It’s not east to reflect on bad memories and when a loved one dies, we get to choose what memories we want to reflect on. Sometimes the bad ones out weigh the good ones and vice versa; but during my grief journey, I cling to good ones as they relate to my mother.  Don’t get me wrong, my mother and I loved each other but from time to time, we went through it.

In time, I felt ready enough to reflect on the bad ones when they popped up in my mind or when others bring them up in conversation.  I realized that so many people have had different experiences with your loved one and they may view your loved one’s life differently than you, so get ready not to react to others feelings that may seem to be in direct conflict with how you feel at the time.

Grief is a journey of patience, with yourself and others. I tried not to expend too much energy on feeling or thinking about those who couldn’t understand when I needed them to understand.  In time understanding comes from within.  Empathy for your self and others comes from within in time.

Sad memories felt like cold rain in my garden; but it was only a period and it didn’t kill the good ones. I might venture to say after the cold rain of bad memories, the good memories seemed more vibrant.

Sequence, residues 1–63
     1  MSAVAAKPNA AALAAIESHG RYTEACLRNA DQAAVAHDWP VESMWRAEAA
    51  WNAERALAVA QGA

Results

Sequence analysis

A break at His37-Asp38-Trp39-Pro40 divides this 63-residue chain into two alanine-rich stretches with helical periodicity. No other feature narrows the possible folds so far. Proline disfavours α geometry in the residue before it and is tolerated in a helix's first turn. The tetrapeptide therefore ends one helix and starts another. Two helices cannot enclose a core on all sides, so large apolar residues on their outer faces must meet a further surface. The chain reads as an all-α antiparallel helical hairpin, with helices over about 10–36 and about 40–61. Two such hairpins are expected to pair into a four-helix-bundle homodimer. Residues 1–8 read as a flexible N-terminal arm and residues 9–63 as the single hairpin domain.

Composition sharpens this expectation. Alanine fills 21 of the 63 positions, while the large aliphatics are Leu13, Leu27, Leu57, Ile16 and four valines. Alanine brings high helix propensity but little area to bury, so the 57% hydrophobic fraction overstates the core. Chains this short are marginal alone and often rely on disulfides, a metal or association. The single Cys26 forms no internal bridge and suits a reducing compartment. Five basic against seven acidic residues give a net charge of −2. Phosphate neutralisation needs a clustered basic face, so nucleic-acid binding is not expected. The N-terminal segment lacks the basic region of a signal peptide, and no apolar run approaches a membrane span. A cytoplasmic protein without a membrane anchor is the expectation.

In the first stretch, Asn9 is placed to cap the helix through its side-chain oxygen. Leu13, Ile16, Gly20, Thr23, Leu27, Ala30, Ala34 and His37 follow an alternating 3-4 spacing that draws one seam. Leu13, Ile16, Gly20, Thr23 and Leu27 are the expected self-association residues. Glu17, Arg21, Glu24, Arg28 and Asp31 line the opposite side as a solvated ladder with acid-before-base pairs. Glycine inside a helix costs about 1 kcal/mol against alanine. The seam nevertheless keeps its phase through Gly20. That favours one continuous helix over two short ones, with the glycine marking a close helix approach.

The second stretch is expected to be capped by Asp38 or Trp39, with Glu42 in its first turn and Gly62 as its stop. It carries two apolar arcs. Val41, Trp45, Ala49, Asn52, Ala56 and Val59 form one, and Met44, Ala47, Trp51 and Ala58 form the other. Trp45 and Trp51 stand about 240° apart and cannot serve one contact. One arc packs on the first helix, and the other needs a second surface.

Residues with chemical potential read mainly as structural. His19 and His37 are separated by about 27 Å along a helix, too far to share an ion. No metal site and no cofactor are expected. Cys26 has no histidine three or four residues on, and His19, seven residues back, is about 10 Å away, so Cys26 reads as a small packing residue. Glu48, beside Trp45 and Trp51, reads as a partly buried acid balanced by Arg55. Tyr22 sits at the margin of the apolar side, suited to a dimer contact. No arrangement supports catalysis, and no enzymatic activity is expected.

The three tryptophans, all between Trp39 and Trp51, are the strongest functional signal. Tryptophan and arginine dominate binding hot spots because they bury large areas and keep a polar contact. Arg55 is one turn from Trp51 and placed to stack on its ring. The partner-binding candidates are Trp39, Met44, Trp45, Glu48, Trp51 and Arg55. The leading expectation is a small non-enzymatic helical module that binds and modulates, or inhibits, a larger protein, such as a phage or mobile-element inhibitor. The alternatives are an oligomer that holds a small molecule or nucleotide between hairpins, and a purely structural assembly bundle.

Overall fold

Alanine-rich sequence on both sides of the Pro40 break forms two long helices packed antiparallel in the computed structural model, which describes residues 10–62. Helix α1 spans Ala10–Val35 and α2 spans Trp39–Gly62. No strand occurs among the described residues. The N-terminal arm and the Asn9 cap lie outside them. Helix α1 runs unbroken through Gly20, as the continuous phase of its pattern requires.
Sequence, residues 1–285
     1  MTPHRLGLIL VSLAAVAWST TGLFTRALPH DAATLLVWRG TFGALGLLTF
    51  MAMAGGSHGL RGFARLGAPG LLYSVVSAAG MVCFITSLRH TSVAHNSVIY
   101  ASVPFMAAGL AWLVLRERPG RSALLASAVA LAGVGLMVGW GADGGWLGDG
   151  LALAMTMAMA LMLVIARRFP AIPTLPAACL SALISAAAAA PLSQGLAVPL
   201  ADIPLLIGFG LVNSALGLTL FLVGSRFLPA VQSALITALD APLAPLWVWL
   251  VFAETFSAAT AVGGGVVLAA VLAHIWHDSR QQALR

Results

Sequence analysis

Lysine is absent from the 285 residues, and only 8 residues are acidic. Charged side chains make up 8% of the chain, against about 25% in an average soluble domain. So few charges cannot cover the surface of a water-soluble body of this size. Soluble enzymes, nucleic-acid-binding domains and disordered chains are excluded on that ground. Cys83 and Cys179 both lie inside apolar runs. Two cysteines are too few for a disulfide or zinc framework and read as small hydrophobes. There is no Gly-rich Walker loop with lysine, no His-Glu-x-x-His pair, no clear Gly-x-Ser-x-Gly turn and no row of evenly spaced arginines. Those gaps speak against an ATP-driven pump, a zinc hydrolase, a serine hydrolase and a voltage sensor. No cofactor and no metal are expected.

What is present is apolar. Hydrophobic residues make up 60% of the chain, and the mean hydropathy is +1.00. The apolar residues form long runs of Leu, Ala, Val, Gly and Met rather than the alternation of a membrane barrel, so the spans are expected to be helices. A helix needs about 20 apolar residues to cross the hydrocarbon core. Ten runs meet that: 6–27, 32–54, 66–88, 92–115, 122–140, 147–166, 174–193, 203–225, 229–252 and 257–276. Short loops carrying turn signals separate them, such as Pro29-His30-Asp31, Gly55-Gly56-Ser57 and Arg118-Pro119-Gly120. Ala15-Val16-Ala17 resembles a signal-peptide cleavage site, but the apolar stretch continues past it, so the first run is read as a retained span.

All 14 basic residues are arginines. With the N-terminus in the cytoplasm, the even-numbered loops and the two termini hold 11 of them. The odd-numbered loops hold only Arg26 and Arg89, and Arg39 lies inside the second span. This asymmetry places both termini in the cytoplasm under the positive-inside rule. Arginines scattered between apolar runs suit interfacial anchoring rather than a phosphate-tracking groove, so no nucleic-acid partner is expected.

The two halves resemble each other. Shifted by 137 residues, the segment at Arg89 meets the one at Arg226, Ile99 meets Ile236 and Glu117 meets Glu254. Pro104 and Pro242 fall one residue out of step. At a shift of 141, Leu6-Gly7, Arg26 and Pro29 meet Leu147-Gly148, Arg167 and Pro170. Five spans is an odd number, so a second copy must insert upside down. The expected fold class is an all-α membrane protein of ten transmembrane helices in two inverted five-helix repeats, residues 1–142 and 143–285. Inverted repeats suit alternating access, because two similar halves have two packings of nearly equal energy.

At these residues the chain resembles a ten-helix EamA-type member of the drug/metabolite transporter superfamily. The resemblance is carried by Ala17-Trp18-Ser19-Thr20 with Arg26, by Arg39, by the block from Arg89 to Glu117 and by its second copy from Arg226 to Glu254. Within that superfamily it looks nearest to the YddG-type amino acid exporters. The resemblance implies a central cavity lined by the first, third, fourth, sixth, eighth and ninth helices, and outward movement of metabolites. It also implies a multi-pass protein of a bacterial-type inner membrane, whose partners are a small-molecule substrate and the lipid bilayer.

Where Are the Good Ones?

Where do selective good memories like the one I just shared with you come from? I know…that sounds like a question a child would ask. But I’m not sure why that memory of me in church as a small child has stayed in my mind.  “Why do we need memories?” Now, that sounds more mature. Doesn’t it? Hopefully, both questions can get you wondering about memories, “your” memories and get you primed to explore your own personal memory banks about you and your loved one. I believe reflecting on memories eventually brings about understanding.

What else do we have when our loved one dies? They are not here with us anymore in the physical world. We can’t see or touch them or talk with them now, only maybe to them.  I do talk to my mother. I remember a co-worker encouraged me to talk to her still and I do sometimes. For me it was not talking our loud; but it is more of thoughts in my mind to her.  Talking out loud to your deceased loved one works for some people and not for others.